When British economist and statistician William Stanley Jevons published The Coal Question in 1865, he was by no means the first expert analyst to anticipate "peak coal." From his review of the scientific literature, Mr. Jevons cited (among other authorities) an English mineral surveyor named John Williams ( The Limited Quantity of Coal in Britain, 1789) and a Scottish scientist named Robert Bald ( A General View of the Coal Trade, 1812) who observed succinctly that continual increases in the consumption of finite commodities must eventually end in depletion.
By the same straightforward logic, Mr. Jevons anticipated "peak coal" - and, in doing so, "peak oil," too. For Mr. Jevons, the distinction was irrelevant. When you spoke of coal, you necessarily spoke of petroleum. When you spoke of petroleum, you necessarily spoke of coal. "What is petroleum," he asked, "but the essence of coal?"
Mr. Jevons provides the modern reader will an eerie sense of déjà vu. In the mere dawn of the Age of Coal, he writes of the debate in Britain over the next principal source of cheap energy. The alternatives are mostly the same now as they were a century and a half ago (with the single significant exception of nuclear power): water power, wind power, tidal power, solar power - "all the supposed substitutes," as Mr. Jevons expressed it, "for coal."
Mr. Jevons, however, was not persuaded. Coal itself, he said, "possesses all the characteristics that entitle it to be considered the best natural supply of motive power." Coal, he said, was like a spring - "wounded up through the geological ages for us to wind down."
In a seam of coal, he said, "we have a peculiar store of force collected for us from sunbeams." Containing light and heat, and bottled up in the earth, coal brings forth a stupendous supply of energy "to work for human purposes."
Mr. Jevons anticipated that coal's store of energy would make Britain the most powerful and the most productive country in the world. Combined with the laissez-faire economics of the Victorian Age, he predicted, coal would bring forth great scientific and cultural achievement and unprecedented prosperity.
A single pound of coal, he noted, can lift a million times its own weight- and the useful power in coal is 2,800 times the power expended in getting it to the place it could be put to work. In a word, he pronounced coal's inherent energy "incredible."
Against the simplicity and efficiency of coal, Mr. Jevons reviewed the difficulties in getting comparable energy from water or wind. He mused that a simple "wind wagon" would be the cheapest form of conveyance - if only it could be made to go in the desired direction. He cited one experimental "wind carriage" that carried 28 people and travelled "seven leagues an hour" - a league in British usage meaning 4.8 kilometres. Alas, the carriage could not be controlled. (He cited as well a certain Richard Lovell Edgeworth who apparently spent 40 years trying to perfect a wind carriage but who couldn't prevent his contraptions from trying to fly.)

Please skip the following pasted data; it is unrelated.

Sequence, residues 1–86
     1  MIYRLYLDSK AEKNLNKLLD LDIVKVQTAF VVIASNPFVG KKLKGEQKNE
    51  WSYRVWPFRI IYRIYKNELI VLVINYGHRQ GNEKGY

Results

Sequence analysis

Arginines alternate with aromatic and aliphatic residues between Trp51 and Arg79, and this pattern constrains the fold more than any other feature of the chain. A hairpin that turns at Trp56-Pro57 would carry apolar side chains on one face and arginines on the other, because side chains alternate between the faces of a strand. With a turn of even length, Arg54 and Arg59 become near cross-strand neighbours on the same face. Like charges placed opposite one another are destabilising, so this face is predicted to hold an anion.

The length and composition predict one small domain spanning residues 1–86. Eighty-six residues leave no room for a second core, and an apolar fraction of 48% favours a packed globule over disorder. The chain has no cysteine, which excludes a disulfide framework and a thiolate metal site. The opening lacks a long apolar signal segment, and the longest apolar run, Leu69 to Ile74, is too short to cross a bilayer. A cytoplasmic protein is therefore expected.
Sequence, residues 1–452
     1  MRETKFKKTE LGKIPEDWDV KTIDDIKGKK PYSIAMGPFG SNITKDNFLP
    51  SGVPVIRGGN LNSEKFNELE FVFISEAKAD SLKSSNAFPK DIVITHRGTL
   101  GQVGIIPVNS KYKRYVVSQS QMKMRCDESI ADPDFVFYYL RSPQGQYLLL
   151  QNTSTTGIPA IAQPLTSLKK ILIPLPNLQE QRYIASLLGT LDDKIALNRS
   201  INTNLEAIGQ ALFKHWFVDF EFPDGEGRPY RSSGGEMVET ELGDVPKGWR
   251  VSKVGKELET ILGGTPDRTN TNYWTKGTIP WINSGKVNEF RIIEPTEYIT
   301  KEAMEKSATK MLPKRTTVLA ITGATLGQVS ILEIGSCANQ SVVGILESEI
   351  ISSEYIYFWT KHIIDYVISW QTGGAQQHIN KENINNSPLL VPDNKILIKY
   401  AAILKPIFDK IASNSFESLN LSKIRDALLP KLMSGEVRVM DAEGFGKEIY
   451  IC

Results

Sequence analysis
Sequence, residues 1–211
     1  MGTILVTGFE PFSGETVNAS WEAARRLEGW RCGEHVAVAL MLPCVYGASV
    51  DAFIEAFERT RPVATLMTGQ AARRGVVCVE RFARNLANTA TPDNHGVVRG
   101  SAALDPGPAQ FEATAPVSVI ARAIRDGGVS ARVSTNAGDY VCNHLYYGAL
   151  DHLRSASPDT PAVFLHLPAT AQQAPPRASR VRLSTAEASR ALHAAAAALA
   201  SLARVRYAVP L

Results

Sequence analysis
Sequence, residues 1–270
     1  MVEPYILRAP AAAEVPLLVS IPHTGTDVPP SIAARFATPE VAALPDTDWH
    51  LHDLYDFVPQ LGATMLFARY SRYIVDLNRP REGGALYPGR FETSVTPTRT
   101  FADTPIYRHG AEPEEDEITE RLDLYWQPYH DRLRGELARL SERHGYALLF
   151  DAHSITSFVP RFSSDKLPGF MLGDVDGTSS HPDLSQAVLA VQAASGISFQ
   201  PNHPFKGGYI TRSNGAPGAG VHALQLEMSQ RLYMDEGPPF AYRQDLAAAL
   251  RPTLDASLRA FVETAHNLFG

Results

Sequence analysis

So convinced was Mr. Jevons of the enduring efficiency of coal that he made a remarkable prediction. In the coming century, he said, "the progress of science and the arts will tend to increase the supremacy of coal." Using current statistics for global energy consumption, we can now determine to what degree he was right or wrong.
In 1998, oil provided 38.69 per cent of the world's energy; coal, 25.45 per cent; natural gas, 23.06 per cent; nuclear, 6.19 per cent; and hydro, 6.61 per cent. In 2008, oil provided 34.78 per cent, a decline of 3.91 percentage points; coal provided 29.25, an increase of 3.80 percentage points; natural gas, 24.14 per cent; nuclear, 6.35 per cent; hydro, 5.49 per cent.
Mr. Jevons would perhaps count oil and natural gas as components of coal. If so, "coal" provided 87.20 per cent of the world's energy in 1998, and 88.17 per cent in 2008. But, based on the trends of the past decade, coal itself will surpass oil, and become again the world's most important energy source, as early as 2015. (For further information on this analysis, check out oil industry analyst Gregor Macdonald at gregor.us/coal.)
Mr. Jevons anticipated "peak coal." For all practical purposes, though, "our mines are literally inexhaustible - we will never get to the bottom of them." The economic risk was in the higher costs of mining: "All commerce," he wrote, "is a matter of price." Yet, with fuel and fire, "everything is easy." With heat, he marvelled, you can produce cold - a reference to the "ice machines" demonstrated in 1851 at the Great Exhibition in London. By using coal to make ice, he noted, "we may make fire, in the hottest climate, and produce the cold of the polar regions."
Still, knowing that Britain was running down its abundant stock of cheap coal, shouldn't Britain put a tax on coal - a carbon tax - to limit consumption and save the resource for the next generation? Mr. Jevons replied in the negative. It's not smart, he said, to tax the one thing that, above all else, sustains and propels economic growth. You would be far wiser, he said, to pay off the national debt.